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icarus
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icarus
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May 18 2018, 09:12 PM #5

I wrote a pretty long post (but decided against it) and wherever I referenced the number system based on the multiple 2² × 3 I wrote "uncial"! I was pretty hot and decided not to post.

It's growing on me because it sounds unlike most words one hears.

Personally I call it "níçme" but uncial is a veritable (but obscure) English or at least Western-civ sort of word. Instead of linking it to just-me, it links to forefathers. I will use it at least all summer long (meaning through Annual Meeting in October). Even if I get interviewed. (Which I prolly won't).

I don't use it because some fin-de-siecle prof said so. Instead for the reason that it was always used to mean something divided into a dozen parts.
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Kodegadulo
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May 18 2018, 10:00 PM #6

Well, users of SDN (SNNz) have referred to the positive powers of twelve as the unqual powers, and the negative powers of twelve as the uncial powers, deriving those terms from unqua, the first positive power prefix, and from uncia, the first negative power prefix, respectively. I derived unqua from uncua, which I derived from uncia by converting the fronted i to a rounded u, thereby converting from soft c to hard and getting the maximum possible consonant and vowel contrast between the positive and negative powers.

I once maintained that both unqual and uncial were suitable as adjectives referring to the base. But Don for instance objected that it seems strange to name a base for its negative powers and favored unqual instead. Treisaran also favored it in that nomenclature he came up with for composite superbases. But it's true that decimal is named for its negative power.
As of 1202/03/01[z]=2018/03/01[d] I use:
ten,eleven = ↊↋, ᘔƐ, ӾƐ, XE or AB.
Base-neutral base annotations
Systematic Dozenal Nomenclature
Primel Metrology
Western encoding (not by choice)
Greasemonkey + Mathjax + PrimelDozenator
(Links to these and other useful topics are in my index post;
click on my user name and go to my "Website" link)
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icarus
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icarus
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May 19 2018, 12:26 PM #7

Was out walking this morning and I realized something. The Romans saw merit in the division of the unit into twelve parts, likely for its great divisibility (thereby flexibility of use) for so small a number. We are merely extending that north of the radix point.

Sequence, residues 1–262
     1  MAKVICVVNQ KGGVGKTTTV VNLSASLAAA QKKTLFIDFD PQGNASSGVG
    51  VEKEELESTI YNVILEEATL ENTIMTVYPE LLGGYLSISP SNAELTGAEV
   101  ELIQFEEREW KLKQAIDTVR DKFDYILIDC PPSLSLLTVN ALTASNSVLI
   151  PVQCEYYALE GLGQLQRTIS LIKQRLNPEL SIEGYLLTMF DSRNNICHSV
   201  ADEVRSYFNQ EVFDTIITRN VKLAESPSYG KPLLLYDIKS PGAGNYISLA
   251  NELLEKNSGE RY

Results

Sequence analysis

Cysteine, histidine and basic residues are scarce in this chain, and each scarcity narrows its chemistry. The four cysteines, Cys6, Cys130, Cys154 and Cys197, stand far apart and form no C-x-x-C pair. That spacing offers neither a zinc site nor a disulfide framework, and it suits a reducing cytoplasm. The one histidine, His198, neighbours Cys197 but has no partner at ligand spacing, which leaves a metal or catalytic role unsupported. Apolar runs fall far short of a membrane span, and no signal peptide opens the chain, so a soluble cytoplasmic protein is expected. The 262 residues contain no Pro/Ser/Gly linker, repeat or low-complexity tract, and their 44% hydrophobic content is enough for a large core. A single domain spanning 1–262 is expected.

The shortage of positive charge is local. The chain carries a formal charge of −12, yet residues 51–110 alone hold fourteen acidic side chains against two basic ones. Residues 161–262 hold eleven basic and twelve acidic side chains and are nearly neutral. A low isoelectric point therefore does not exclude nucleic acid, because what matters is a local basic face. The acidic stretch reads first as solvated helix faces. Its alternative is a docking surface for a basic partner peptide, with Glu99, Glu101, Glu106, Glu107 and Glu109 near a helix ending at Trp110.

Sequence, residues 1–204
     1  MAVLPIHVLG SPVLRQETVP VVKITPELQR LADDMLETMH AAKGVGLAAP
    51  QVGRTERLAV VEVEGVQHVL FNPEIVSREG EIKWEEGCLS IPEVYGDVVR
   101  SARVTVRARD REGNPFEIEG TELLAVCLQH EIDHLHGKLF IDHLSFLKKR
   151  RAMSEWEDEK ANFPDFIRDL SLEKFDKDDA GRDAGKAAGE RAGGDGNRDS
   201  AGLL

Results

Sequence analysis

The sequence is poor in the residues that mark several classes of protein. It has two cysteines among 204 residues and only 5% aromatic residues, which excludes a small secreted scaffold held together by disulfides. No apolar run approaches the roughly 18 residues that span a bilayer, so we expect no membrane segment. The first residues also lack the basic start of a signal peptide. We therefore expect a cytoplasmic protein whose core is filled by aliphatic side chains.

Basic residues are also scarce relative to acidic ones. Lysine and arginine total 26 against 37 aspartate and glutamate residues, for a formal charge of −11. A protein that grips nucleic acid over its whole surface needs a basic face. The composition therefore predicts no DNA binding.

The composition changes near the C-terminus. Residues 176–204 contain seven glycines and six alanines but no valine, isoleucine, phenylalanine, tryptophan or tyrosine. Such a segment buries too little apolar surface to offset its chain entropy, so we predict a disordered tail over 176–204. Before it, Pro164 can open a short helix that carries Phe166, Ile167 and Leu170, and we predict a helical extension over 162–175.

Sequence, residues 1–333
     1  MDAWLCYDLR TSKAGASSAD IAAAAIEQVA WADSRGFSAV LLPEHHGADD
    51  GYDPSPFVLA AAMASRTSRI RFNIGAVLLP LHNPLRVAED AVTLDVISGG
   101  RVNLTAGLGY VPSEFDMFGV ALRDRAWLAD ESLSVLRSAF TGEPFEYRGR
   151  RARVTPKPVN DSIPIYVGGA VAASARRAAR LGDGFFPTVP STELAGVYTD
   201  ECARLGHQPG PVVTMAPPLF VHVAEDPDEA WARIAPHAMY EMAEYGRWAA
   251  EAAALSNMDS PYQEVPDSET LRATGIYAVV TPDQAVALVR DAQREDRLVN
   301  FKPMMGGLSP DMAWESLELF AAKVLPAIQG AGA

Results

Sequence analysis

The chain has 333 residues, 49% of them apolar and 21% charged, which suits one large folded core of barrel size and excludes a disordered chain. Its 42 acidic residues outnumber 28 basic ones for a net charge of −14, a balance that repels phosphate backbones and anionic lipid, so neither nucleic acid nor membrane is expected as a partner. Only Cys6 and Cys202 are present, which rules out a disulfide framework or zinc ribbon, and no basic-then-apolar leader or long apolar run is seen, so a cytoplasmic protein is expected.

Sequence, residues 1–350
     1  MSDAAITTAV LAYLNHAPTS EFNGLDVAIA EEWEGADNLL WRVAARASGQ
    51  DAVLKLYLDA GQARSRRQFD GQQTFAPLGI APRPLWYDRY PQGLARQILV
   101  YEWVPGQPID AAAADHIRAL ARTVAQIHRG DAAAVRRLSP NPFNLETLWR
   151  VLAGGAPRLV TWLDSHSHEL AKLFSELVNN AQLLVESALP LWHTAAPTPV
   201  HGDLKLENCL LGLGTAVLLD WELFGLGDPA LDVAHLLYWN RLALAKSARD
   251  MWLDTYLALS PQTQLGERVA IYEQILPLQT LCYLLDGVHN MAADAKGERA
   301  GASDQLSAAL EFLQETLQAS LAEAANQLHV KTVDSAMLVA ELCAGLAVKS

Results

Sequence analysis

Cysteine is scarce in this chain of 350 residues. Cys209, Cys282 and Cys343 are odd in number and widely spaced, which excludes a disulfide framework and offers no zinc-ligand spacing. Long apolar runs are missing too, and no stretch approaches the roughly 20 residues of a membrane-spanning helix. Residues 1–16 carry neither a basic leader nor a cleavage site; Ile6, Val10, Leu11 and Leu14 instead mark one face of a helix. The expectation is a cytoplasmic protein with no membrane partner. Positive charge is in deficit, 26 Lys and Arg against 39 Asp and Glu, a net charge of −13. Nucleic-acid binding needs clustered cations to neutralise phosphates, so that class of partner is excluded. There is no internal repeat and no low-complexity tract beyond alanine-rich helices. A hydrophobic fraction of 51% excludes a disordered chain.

The use of the word 'uncial' to mean duodecimal is an appropriate generalization.
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SenaryThe12th
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Joined: Mar 1 2018, 02:03 PM

May 19 2018, 02:58 PM #8

And we can express the sentiment that 12 is the best base by saying "All men are created unqual."  Since it comes easier to some of us, we can say "All animals are created unqual, but some are more unqual than others."
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Kodegadulo
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Kodegadulo
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May 19 2018, 06:22 PM #9

SenaryThe12th wrote: And we can express the sentiment that 12 is the best base by saying "All men are created unqual."  Since it comes easier to some of us, we can say "All animals are created unqual, but some are more unqual than others."
Nah, all men are created decimal. They actually have to fight for unqual rights.😉
Last edited by Kodegadulo on May 21 2018, 07:02 PM, edited 1 time in total.
As of 1202/03/01[z]=2018/03/01[d] I use:
ten,eleven = ↊↋, ᘔƐ, ӾƐ, XE or AB.
Base-neutral base annotations
Systematic Dozenal Nomenclature
Primel Metrology
Western encoding (not by choice)
Greasemonkey + Mathjax + PrimelDozenator
(Links to these and other useful topics are in my index post;
click on my user name and go to my "Website" link)
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SenaryThe12th
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SenaryThe12th
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May 20 2018, 02:44 PM #10

Liberty, fraternity, equality, and unquality!!!!

Actually, its kind of bittersweet how close that actually did come to being the rallying cry of the French Revolution.  Too long for a catchy slogan, I guess.